SEC Places Global Warming Burdens on Companies
February 19, 2010
Can you believe the timing?
This month, the U.S. Securities and Exchange Commission (SEC), despite the revelation that the so-called scientific methods and conclusions used to promote the global warming agenda were fraudulent, published a document that asked public companies to make disclosures related to climate change.
They probably had trouble delivering the hard copies of the global warming documents because of the record snowfall and freezing temperatures.
The SEC was pushed to take action by United Nations-influenced global investor groups.
This agency of the government has ignored the fact that one of the leading advocates of the theory of manmade global warming, professor Phil Jones, has conceded that there has been no warming of the earth for the last 15 years.
Jones, the former director of the Climate Research Unit (CRU) of the University of East Anglia, has stepped down as has the U.N. global warming head, Yvo de Boer, the Dutch bureaucrat who led the international climate change conferences.
The CRU destroyed most of the original data according to the Times of London.
Yet the same SEC that couldn’t stop Bernie Madoff and the investment banking derivative games that caused the credit crisis, has issued a document that, if followed, would have U.S. public companies paying big bucks to engage in an expert guessing game involving global warming and climate change.
The U.N. persuaded investor groups to pressure companies and government regulatory agencies like the SEC to adopt disclosure requirements. What the U.N. is trying to do is the same thing the Obama administration is trying to do — institutionalize global climate change as a part of business operations.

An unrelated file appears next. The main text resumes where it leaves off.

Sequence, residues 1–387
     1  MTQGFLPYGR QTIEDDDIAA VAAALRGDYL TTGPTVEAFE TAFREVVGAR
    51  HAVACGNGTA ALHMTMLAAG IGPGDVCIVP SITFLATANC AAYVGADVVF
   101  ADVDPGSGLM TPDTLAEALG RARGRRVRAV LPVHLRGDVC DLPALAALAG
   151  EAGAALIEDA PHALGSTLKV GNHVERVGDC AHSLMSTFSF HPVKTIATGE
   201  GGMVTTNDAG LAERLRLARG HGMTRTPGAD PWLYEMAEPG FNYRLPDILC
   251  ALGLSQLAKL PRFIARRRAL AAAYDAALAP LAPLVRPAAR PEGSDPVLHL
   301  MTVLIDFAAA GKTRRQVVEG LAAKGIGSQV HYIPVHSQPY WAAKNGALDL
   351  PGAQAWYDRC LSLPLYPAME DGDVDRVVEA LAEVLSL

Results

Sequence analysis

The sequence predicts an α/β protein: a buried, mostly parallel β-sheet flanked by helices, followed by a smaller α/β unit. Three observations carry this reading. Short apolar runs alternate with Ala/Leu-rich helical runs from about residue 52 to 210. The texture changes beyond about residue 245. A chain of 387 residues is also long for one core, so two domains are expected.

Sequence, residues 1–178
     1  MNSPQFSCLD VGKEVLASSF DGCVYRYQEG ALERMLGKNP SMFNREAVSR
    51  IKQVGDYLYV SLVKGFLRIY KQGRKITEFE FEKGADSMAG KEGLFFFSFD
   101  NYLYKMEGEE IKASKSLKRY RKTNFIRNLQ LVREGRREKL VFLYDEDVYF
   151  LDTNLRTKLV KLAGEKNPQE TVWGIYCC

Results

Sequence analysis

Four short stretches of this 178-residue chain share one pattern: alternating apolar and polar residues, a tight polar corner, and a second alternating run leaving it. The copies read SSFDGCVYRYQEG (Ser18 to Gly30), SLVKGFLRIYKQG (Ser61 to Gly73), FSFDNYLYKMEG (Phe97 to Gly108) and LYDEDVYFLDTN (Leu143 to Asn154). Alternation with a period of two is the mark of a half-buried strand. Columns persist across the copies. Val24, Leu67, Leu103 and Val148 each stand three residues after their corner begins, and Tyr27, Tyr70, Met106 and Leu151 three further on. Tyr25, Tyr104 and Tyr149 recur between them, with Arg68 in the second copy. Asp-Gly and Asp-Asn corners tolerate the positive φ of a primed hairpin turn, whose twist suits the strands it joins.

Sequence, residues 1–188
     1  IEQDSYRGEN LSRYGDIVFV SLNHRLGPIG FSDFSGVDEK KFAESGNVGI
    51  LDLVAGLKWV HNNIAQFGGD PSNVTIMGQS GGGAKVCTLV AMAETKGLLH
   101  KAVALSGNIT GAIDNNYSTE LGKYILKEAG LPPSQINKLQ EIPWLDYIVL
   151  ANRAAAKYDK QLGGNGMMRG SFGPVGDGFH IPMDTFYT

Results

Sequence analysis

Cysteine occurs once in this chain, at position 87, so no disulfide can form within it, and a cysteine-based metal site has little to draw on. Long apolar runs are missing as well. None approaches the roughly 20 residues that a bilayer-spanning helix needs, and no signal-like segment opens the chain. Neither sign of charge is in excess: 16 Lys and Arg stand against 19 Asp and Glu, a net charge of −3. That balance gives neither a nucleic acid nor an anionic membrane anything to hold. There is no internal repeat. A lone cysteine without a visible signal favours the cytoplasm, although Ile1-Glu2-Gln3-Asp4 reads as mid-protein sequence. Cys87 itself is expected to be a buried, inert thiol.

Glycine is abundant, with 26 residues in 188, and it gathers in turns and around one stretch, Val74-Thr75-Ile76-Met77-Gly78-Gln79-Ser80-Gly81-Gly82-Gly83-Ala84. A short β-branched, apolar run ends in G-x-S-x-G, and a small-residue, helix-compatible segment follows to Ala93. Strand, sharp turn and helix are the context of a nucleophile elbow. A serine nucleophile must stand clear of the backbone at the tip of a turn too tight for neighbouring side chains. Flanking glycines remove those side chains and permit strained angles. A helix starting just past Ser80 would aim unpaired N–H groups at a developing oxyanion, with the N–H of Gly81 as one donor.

In 2005 the U.N. secretary-general brought a group of the world's largest institutional investors together to draft what was called the Principles for Responsible Investment ("PRI"). Representatives of 20 institutional investors from 12 countries agreed to participate. In addition, attending the U.N. shindig was a 70-person multi-stakeholder group of experts from the investment industry, governmental organizations, and academia. The PRI consensus papers came out of these meetings held in 2005 and 2006.
The PRI gives the U.N. and investment professionals an influence on environmental, social, and corporate governance that can affect the performance of investment portfolios.
This is just another part of U.N.'s quest to seek the global governance over the environmental, social, and corporate governance issues.
Just before the December 2009 Climate Change Conference in Copenhagen, Denmark, the U.N. used the PRI to emphasize that investors should put pressure on companies to disclose how climate change might impact their business operations.
At a meeting at the Investor Summit on Climate Risk, held in January 2010 at the U.N. headquarters in New York, a group of global organizations issued a joint statement which called on "national regulators worldwide, including the U.S. Securities and Exchange Commission, to require companies to disclose to their investors material climate-related risks and the programs in place to manage those risks."
The SEC dutifully published its document for public companies to set forth the SEC's existing disclosure requirements as they apply to climate change matters only a month later.
Some of the things that SEC-registered public companies will have to do include:
That’s sure a long list of tasks for companies in a down economy. And it's all essentially based on junk science.
The U.N. and investor groups who have placed their trust in fake science now have our own SEC adopting and implementing expensive and harmful disclosure requirements that inhibit companies in raising capital. The same entities that the nation needs to create jobs.
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